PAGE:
Senate Democrats Wrangle Over Death With Dignity Bill

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(Host) A bill that would allow terminally ill patients to get medication to end their own lives faces an uncertain prospect in the Vermont Senate.

As VPR’s John Dillon reports, two key Democrats are opposed to the measure, and they say lawmakers have more important priorities.

(Dillon) Windsor Democrat John Campbell is the Senate President Pro Tem, a position that allows him to control the flow of legislation. He opposes the end of life bill, but insists he’s not using his power to block it. Campbell says he made that point clear to advocates.

(Campbell) "As I said to them at the beginning that I am looking at this, approaching it, as a single individual senator, not as the President Pro Tem. And I explained to them I would neither hinder nor help the bill one way or the other by using the office in a way, by putting pressure on people. I just don’t think it’s fair."

(Dillon) The bill would allow terminally ill patients who are mentally competent the right to request medication to end their lives. It’s modeled after a law in Oregon.

Campbell is a Catholic. And he says when his devout mother was dying two years ago, she made him promise to oppose the bill.  

(Campbell) "She said, ‘John, I’m asking you right now. Please do not, if that issue ever comes before you, I’m asking you to please promise me that you won’t make that vote. … This is for me, and I’m asking you that.’"

(Dillon) Campbell says there are other obstacles in the way of a vote, He says the bill has to work its way through several committees. And meanwhile, he says, the Senate has too many other priorities, such as the budget, health care, and post-Irene issues.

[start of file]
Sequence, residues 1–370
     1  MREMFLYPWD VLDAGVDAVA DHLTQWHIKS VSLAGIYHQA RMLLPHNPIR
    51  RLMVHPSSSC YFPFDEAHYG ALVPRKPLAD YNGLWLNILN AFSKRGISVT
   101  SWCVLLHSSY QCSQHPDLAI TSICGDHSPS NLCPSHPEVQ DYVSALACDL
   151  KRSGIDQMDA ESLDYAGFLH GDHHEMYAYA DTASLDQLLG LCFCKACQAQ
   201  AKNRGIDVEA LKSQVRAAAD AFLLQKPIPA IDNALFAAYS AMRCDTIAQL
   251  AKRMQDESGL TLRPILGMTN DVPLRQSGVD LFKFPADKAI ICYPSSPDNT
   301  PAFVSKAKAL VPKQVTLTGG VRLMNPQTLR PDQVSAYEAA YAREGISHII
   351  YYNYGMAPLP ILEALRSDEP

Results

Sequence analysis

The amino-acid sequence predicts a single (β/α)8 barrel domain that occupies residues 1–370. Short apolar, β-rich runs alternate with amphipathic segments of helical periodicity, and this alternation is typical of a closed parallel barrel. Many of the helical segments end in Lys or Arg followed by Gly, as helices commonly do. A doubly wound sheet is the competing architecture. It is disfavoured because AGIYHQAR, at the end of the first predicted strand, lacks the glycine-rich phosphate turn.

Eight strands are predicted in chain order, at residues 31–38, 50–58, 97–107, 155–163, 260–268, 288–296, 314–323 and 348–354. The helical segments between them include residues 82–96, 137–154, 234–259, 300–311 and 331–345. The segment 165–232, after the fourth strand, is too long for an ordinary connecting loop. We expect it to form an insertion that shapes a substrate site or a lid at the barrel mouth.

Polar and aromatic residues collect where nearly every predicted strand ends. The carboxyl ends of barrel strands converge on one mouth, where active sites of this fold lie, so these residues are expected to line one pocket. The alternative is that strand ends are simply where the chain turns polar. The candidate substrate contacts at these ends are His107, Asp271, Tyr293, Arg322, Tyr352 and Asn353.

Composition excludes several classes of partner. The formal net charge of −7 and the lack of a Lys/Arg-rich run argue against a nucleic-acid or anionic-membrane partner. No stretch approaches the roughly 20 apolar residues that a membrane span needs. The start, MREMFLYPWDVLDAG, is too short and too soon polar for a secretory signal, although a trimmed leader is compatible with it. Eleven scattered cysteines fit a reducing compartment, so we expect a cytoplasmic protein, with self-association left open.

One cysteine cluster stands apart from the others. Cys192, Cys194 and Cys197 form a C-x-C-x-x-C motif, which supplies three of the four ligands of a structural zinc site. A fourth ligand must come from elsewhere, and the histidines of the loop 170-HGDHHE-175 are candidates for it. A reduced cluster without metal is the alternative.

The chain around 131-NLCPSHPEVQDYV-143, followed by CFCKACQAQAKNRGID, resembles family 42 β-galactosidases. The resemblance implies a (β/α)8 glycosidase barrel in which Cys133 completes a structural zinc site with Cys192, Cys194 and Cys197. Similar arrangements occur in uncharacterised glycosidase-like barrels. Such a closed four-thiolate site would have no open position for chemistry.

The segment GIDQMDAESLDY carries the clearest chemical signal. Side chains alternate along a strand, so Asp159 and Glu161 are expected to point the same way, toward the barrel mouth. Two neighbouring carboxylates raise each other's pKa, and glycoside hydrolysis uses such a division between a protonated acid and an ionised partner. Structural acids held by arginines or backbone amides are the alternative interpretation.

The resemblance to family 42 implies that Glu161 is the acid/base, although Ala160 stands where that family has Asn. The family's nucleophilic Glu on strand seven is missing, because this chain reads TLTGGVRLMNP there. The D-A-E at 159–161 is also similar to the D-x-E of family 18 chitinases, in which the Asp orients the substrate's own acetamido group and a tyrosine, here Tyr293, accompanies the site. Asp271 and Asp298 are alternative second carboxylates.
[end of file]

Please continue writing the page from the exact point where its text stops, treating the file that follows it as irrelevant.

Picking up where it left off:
(Campbell) "We have a tremendous number on our plate this year. We’re still trying to face down a $50 million shortfall. I believe it’s incumbent on the Legislature and legislative bodies to prioritize situations."

(Dillon) But supporters of the bill they call Death with Dignity say public opinion is moving in their favor. And they say the Senate does have time to take up the legislation.

(McCormack) "Every year that we wait there are people who suffer needlessly. And the idea that we don’t have time I find sort of offensive."

(Dillon) Windsor Senator Dick McCormack says lawmakers can focus on several issues at once.

(McCormack) "The Vermont Senate is capable of walking and chewing gum at the same time. That argument was made previously about same-sex marriage, a bill of which Senator Campbell was the chief sponsor, to his credit. The argument then was made, ‘Well, we should deal with the economy, not with this issue.’ Well,

We can deal with both."

(Dillon) The debate on whether to advance the bill has been contentious among Senate Democrats, where a majority of the 23-member caucus supports it. But not Bennington Democrat Dick Sears. The legislation is now in the Judiciary Committee that Sears chairs. And Sears says it’s not moving.

(Sears) "I personally do not support the bill. But that’s not the reason. The fact of the matter is that, to the best of my knowledge, there are not the votes in the Senate to pass such a bill. And without those votes, and my committee has a number of important issues that we’re dealing with, and it just seems to me that it’s kind of pointless to take up a bill we know will get defeated."

(Dillon) But McCormack says supporters are just one or two votes shy in the Senate, and he thinks it’s worth bringing it up for debate.

For VPR News, I’m John Dillon in Montpelier.


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